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Black Space (ePub)

The Nazi Superweapons That Launched Humanity Into Orbit

Colour eBooks Military Photographic eBooks WWII > Hitler & the Third Reich

By David Axe
Imprint: Pen & Sword Military
File Size: 23.8 MB (.epub)
Pages: 216
ISBN: 9781399014243
Published: 6th March 2023


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Orbital fortresses poised to fry entire cities with no warning using giant mirrors. Bombers that take off from Earth, punch through the thin border between the atmosphere and vacuum and take advantage of that lofty altitude to speed across the globe on missions of mass destruction.

These and other exotic orbital weapons were under consideration, or even active development, in the early decades of humanity’s push into space.

And no wonder. The era of frantic, dueling, American and Soviet space-exploration efforts -- which stretched from the end of World War II to the United States’ successful Moon landing in July 1969 -- had its roots in Nazi Germany, a country that pinned its hope for global conquest on equally ambitious superweapons.

In the decades following World War II, the top scientists in the U.S. and Soviet space programs were ex-Nazis—most notably rocket-designer Wernher von Braun, who sided with the Americans. The basic technologies of the space race derived from Nazi superweapons, in particular von Braun’s V-2 rocket.

But orbital war never broke out in those heady decades of intense space competition. It’s possible to triangulate the moment the seemingly inevitable became evitable. July 29, 1958. The day U.S. president Dwight Eisenhower reluctantly signed the law creating the National Aeronautics and Space Administration.

Starting that day, the U.S. military gradually ceded to NASA, a civilian agency, leadership of American efforts in space. Even von Braun, once a leading advocate of orbital warfare, went along. Space-based superweapons and their architects, and the high-stakes politics that reined them in, are the subject of this brief book.

A very interesting book on how the Americans developed their space technology and advanced as a superpower. I would thoroughly recommend this book to anyone interested in space exploration and technology.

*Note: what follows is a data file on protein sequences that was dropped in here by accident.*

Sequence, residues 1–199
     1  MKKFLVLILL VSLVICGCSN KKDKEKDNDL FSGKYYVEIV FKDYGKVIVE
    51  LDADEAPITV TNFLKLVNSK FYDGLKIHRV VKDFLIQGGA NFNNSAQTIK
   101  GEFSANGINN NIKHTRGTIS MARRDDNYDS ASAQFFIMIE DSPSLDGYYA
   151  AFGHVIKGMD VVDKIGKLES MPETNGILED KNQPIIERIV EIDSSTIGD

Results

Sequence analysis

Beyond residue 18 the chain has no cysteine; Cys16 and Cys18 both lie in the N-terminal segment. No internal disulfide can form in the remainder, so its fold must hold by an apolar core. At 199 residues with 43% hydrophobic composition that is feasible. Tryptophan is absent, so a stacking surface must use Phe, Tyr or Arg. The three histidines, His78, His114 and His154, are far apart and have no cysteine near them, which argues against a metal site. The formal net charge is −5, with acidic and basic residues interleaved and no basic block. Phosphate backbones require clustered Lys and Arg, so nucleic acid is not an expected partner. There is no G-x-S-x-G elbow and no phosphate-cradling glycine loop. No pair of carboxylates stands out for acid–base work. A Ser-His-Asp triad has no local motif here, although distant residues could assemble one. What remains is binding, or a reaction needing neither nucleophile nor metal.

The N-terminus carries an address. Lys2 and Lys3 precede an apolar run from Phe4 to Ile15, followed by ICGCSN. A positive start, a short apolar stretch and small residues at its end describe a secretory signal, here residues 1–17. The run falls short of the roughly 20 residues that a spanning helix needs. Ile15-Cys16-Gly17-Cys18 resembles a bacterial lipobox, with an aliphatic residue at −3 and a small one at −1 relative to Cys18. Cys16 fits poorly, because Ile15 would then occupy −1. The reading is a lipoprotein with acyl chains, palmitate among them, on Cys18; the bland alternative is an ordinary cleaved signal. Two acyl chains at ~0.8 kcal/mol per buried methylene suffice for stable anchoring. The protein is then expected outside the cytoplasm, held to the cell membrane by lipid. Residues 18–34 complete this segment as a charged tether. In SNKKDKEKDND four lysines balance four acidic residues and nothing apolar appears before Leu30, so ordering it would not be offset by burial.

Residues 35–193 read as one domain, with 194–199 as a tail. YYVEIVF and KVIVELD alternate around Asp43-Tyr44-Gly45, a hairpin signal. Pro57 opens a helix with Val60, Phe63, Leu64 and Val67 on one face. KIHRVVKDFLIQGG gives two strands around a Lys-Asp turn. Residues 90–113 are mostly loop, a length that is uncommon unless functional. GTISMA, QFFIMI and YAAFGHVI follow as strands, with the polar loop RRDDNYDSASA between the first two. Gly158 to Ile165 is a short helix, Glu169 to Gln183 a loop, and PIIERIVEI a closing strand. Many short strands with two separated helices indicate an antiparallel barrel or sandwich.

NetGalley, Lional Jones

Informatively enhanced for the reader with the inclusion of a four page listing of Sources and a nine page Index, "Black Space: The Nazi Superweapons That Launched Humanity Into Orbit" is an impressively informed and seminal work of meticulous research resulting in a significant and appreciated addition to personal, professional, community, and academic library Space Age Military Aviation and Weapons Technology collections and supplemental curriculum studies lists.

Read the full review here

Midwest Book Review

Black Space by David Axe brings a lot of commonly known (but largely overlooked) details and new information together into a fascinating narrative that sheds light on just how willing we are to dance with the devil if we perceive a benefit.

NetGalley, Jack Messer

As featured in

The Bookseller, Jan 23

As featured in

The Bookseller, Jan 23

Rating: 5 out of 5 stars

I really liked the idea behind this book, I have been interested in space and all things associated with it now for several years and I am always keen to read any new releases as I do find it fascinating.

I, along with most people who have an interest in the topic will be aware, I would assume, of the background to who really was the main player behind the development of getting the United States to the Moon and that he was a former member of the Nazi party and had been the lead on the development of their V2 “vengeance weapons”.

I liked the order that the book followed and that it was chronological in terms of the development and the different victories that were achieved initially by the USSR and then by the United States which culminated and peaked with Neil Armstrong and Buzz Aldrin landing and taking the first steps on the Moon.

The details shared on Operation Paperclip were great, very informative and you don’t get bogged down in too much detail. The chapters are concise, and the detail shared is key to the topic and I did learn quite a bit from that section which I really enjoyed.

I will say that the author quite clearly has a bit of a “dislike” towards Wernher von Braun who was technically a civilian scientist alongside being in the Nazi Party and that did come across in the book on several occasions, but he has back up the reasons why, including expanding on the details of the attempts made to rehabilitate him and to be honest it didn’t put me off reading the book.

As with the author, I will be honest that I do have my own views and I do think that von Braun should really have been tried with the other members of his party as it was his V2 rocket development that caused thousands of deaths, not only from those that were on the receiving end of the rocket, but those forced to work as slave labour during the construction and development. I think that the book could well be an eye opener for quite a few people.

I thought that this book was an easy read, the chapters were well laid out and the photographs and images used really linked the past of the development to the future and the ultimate target, which was landing on the Moon, and beating the USSR to it. It is 5 stars from me for this one.

NetGalley, Donna Maguire

About David Axe

DAVID AXE is a journalist, historian, filmmaker and former war correspondent. A prolific contributor to Forbes, The Daily Beast, Rolling Stone and many other publications, David has also directed independent movies including the horror-comedy Bae Wolf. David has written and edited several nonfiction books, most recently the graphic novel war memoir Machete Squad and the Pen & Sword book Drone War: Vietnam.

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